The Stock Market Heads for a New High. Its Foundation Is Starting to Crack.

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Meta Platforms CEO Mark Zuckerberg: The company was responsible for about 40% of the S&P 500’s gain this week.

Josh Edelson/AFP/Getty Images

The stock market’s recent gains stand on three pillars—and two of them are now weakening. The rally is looking increasingly fragile.

Maybe not on the surface, though. The
S&P 500,
after all, gained 1.4% this past week to finish at 4958, an all-time closing high. The
Dow Jones Industrial Average
was up 1.4% to also notch a record close, and the
Nasdaq Composite
advanced 1.1%.

That the indexes remained that strong seems surprising given the flood of news markets had to deal with during the week. For one, Federal Reserve Chairman Jerome Powell informed investors that they shouldn’t expect a rate cut in March, a more hawkish statement than was expected. That’s not what many expected to hear, and it caused the S&P 500 to drop 1.6% on Wednesday.

The Fed’s caution was understandable in the light of Friday’s payrolls report, which came in red hot. The U.S. economy added 353,000 jobs in January, well above FactSet’s forecast for 176,500. That will only add to the concerns that the economy remains too hot for the Fed’s liking. What’s more, the Atlanta Fed’s GDPNow tracker put U.S. economic growth at 4.2% before the release. No sign of a recession there, but also not exactly the kind of data that would prompt the Fed to act.

“We’re not looking at early and often [for rate cuts], but a more moderate pace and a little bit later,” says Chris Harvey, chief U.S. equity strategist at Wells Fargo Securities. “We’re going to have a repricing of equities in the short-term.”

It’s possible that strong economic growth can offset the Fed. What it can’t do is make up for Big Tech, which has been driving the market higher this year—though the latest earnings reports were mixed.

earnings were the biggest disappointment. They beat by just 3%, causing the stock to drop 6% from Tuesday’s close through the end of the week.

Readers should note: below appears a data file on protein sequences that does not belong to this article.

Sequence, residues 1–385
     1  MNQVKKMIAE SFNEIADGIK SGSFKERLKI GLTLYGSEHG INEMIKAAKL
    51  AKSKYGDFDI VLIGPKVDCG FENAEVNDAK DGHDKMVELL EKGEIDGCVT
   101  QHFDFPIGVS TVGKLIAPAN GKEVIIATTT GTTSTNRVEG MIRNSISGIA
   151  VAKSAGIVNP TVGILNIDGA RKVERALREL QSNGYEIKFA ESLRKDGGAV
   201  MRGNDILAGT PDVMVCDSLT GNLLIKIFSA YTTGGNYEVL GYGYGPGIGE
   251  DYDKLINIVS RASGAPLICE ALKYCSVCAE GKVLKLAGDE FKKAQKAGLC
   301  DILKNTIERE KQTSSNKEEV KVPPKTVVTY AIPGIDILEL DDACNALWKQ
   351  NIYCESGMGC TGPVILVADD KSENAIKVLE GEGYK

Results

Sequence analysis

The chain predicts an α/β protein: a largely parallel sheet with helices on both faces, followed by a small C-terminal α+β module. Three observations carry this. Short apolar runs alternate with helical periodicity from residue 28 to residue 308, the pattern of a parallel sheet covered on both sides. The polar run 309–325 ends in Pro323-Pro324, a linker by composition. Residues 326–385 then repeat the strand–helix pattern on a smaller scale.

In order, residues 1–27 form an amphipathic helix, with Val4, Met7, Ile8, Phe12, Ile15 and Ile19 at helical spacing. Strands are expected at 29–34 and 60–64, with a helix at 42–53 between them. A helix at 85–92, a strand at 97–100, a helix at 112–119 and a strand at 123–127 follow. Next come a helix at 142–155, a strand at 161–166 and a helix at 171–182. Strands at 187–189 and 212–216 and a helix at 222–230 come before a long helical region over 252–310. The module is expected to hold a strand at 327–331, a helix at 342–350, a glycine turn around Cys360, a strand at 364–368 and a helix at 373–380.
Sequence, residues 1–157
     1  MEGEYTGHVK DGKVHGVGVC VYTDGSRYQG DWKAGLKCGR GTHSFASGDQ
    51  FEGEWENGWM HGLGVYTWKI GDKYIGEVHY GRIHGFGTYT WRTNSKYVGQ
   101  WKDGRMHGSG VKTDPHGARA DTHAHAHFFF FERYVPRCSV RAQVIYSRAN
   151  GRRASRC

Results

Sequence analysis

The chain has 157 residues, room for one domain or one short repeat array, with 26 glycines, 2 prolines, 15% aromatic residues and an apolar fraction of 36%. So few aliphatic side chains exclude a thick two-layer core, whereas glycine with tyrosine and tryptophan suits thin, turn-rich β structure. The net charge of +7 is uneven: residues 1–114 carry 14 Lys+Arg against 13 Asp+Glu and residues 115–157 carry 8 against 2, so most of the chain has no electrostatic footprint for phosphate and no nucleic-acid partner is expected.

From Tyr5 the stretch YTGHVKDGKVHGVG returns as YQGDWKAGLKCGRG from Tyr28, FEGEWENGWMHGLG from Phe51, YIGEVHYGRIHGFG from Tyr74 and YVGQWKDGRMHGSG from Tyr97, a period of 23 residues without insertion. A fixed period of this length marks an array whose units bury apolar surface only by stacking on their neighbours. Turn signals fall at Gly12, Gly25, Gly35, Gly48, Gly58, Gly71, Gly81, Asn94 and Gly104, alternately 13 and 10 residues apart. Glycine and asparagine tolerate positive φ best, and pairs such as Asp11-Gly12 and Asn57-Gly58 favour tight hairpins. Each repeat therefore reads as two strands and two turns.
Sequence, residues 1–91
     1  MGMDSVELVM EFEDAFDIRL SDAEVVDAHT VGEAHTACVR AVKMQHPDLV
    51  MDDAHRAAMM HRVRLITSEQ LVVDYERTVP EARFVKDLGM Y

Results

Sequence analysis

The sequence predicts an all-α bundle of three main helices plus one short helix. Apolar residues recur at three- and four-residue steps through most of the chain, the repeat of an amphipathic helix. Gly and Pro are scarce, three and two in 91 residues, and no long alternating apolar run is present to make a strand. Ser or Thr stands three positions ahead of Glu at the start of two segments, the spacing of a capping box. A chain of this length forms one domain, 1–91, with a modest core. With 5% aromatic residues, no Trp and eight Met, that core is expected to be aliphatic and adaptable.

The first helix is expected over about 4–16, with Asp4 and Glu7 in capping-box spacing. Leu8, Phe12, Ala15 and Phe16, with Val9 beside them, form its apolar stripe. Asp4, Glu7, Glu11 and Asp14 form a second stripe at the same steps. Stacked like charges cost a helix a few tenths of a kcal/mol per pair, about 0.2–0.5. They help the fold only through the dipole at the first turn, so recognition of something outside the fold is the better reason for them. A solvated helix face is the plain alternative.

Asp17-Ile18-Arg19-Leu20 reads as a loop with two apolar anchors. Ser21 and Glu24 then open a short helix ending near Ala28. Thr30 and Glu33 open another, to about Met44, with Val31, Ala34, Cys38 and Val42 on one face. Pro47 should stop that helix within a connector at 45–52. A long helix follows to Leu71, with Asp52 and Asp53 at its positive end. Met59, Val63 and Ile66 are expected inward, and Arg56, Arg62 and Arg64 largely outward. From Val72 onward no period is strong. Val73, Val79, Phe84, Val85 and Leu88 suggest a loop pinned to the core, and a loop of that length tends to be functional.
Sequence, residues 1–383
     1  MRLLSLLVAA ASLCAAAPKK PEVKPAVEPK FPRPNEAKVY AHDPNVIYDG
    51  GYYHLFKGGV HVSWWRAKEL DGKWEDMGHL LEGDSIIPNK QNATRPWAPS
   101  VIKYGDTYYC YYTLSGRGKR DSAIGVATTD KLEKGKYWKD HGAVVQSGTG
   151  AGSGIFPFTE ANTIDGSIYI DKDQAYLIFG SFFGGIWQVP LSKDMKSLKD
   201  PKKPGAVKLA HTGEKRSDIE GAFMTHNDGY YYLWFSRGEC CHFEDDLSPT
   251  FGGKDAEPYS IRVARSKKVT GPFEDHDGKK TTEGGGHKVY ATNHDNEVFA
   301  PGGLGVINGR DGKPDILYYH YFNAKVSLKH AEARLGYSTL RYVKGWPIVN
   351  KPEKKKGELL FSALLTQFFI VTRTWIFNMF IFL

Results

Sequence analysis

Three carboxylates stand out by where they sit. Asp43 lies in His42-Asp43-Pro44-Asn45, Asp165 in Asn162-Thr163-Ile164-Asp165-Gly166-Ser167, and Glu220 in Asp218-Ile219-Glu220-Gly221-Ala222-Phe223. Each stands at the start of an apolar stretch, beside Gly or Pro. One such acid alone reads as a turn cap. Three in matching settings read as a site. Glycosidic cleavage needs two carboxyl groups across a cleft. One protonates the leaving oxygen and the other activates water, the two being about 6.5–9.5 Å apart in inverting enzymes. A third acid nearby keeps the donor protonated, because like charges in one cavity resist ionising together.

Tuesday evening earnings and
report on Thursday weren’t quite good enough, either, with the stocks finishing the trading day following their results lower.

Those disappointments were offset by,
which was up 7.9% on Friday after reporting on Thursday evening, and particularly by
Meta Platforms,
which soared 20% and was alone responsible for about 40% of the S&P 500’s gain this past week.

The rest of the market, though, had a mediocre week, with 271 stocks finishing higher and 231 lower. What’s more, the
Invesco S&P 500 Equal Weight
exchange-traded fund was unchanged on the week, not exactly a sign of strength. Looking at this year’s numbers tell a similar story, with almost half of the stocks in the S&P 500 down for the year.

If tech stocks can’t resume their winning ways, the stock market could be set up for a fall—even with the S&P 500 trading near a record.

“Breakouts on weak…participation (market breadth) should be viewed with skepticism until proven otherwise,” writes Craig Johnson, chief market technician at Piper Sandler.

And even new highs can’t guarantee that the market keeps rising. In early 2022, the S&P 500 hit a new high, only to drop—hard—as the market had underestimated the Fed’s resolve to cool down the economy. A drop now might not turn out as badly as it did two years ago, but the market could still experience a rough patch in the weeks ahead.

With so much pushing and pulling going on, it’s hard to know just what will win out. Does the market need rate cuts? Can faster growth offset restrictive policy outlook? Can something pick up the baton from the Big Tech or will Amazon and Meta have to continue doing the heavy lifting? It all points to a market that might be more fragile than it looks.

Remember, the good times can keep rolling on—until they don’t.

Write to Jacob Sonenshine at [email protected]

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